My Lords, I must be the most unpopular person in this House today, and I must apologise. I failed to tell the Whips which amendments I wished to speak to, so I was left off the list. However, I did add my name to Amendments 119 and 292, and I am speaking only because the noble Baroness, Lady Boycott, in particular, asked me to, as she is unable to be in the Chamber. The noble Lord, Lord Hunt, whose name is also on Amendment 119, also cannot speak . I want to make the point that it is not only the noble Baroness, Lady Bennett, who very much wants these amendments to be taken seriously. So forgive me, and I shall speak as briefly as I can; I have crossed out all sorts of bits.
Amendment 119 refers to paragraph 1 of Schedule 4. I have a significant concern about the wording of sub-paragraph (1), which is not dealt with directly in the amendment. It says:
“The relevant national authority may”— not “shall”—
“make provision for imposing producer … obligations”.
As the Minister made very clear in his response, this leaves Ministers with lots of tools, but there is absolutely no assurance that they will use them.
We know that our Minister—indeed, our Ministers—need important issues to be on the face of the Bill. Otherwise, they will be steamrollered by other Ministers elsewhere, and prevented from doing really important work. This is not trivial; it is important.
Having raised that issue, I want to speak in support of Amendment 119. I think that it was the Minister, on day 1, who made the point that responsibility for superfluous plastic packaging or other waste generally lies squarely on the shoulders of producers—and I think we all know that. I realise that packaging is only one form of environmentally damaging plastic product, but many producers bury their products in a sea of plastic. The great benefit of Amendment 119 is that it focuses on the regulations, which would affect a lot of producers—but, even more importantly, it gives us a target date by which the regulations should be in place: 2024.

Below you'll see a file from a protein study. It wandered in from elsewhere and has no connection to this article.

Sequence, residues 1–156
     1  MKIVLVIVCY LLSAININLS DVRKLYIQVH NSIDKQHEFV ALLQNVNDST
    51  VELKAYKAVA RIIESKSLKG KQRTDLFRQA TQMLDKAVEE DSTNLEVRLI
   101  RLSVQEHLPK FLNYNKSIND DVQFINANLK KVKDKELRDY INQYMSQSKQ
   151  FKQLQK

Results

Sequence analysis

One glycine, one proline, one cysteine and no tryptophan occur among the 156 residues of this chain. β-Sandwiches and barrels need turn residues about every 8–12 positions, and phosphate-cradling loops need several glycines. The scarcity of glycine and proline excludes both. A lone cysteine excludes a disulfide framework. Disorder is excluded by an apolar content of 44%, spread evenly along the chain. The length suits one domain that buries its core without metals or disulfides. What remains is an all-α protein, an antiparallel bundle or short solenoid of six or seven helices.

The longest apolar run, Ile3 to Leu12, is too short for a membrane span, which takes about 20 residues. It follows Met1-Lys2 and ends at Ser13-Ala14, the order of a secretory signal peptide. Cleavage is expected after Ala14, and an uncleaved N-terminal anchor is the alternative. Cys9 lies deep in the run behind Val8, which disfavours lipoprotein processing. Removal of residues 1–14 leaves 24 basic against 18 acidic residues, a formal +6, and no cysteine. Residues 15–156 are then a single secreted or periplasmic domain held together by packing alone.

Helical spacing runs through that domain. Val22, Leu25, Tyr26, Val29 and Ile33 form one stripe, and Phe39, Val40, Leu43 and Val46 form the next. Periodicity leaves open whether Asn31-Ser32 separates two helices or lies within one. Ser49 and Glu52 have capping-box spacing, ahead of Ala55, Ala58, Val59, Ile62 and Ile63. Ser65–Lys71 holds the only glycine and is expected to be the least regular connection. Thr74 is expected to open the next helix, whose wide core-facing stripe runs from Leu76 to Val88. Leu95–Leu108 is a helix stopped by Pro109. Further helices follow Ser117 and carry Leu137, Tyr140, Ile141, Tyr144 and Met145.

As others have explained, Amendment 292 is all about dealing with the appalling consequences of single-use nappies on the environment. Having had four children, and used terry nappies for all four of them, I was a bit shocked—believe me—at the idea of moving away from single-use nappies. But the noble Baroness, Lady Bennett, has set out very clearly the damaging effect of those nappies on the environment.
While understanding the concern of the noble Baroness, Lady Neville-Rolfe—from my perspective as a user of these other things—I have been introduced by the Nappy Alliance to the features of modern-style reusable nappies. I am assured that they really do not commit mothers, or indeed fathers, to the sort of work that those of us back in the day had to put up with. It really was quite appalling: you had buckets and buckets of them. They are apparently perfectly usable with washing machines and with very little parental input. That is very important to me, so I wanted to make that point.
I think those who tabled the amendment are absolutely right that the issue needs to be dealt with through the promotion of environmentally friendly products, rather than prohibition, and through the provision of accurate information to families about the savings they can make. No, they are not more expensive, as I think the noble Baroness, Lady Bakewell, indicated. Families save money if they move to reusable nappies, which is very important.
Also, the amendment makes clear that there should be controls over trading and advertising to ensure that the public are properly informed about the environmental credentials of nappy products—all really important stuff. Already some local authorities have schemes to promote reusable nappies, offering vouchers, discounts, trial kits and other financial incentives to families thinking of switching from single-use to reusable products. This is all very good stuff. I could say more, but maybe I have said enough to make the point that this really is important. Nappies are doing the most enormous damage to the environment. It could sound trivial, but it most certainly is not.
This is a very helpful Bill, but it could be substantially more helpful if it included some of these sensible, down-to-earth amendments which, in my view, really do not present problems for Ministers. Indeed, they would give our Ministers some strength when arguing their case with others elsewhere.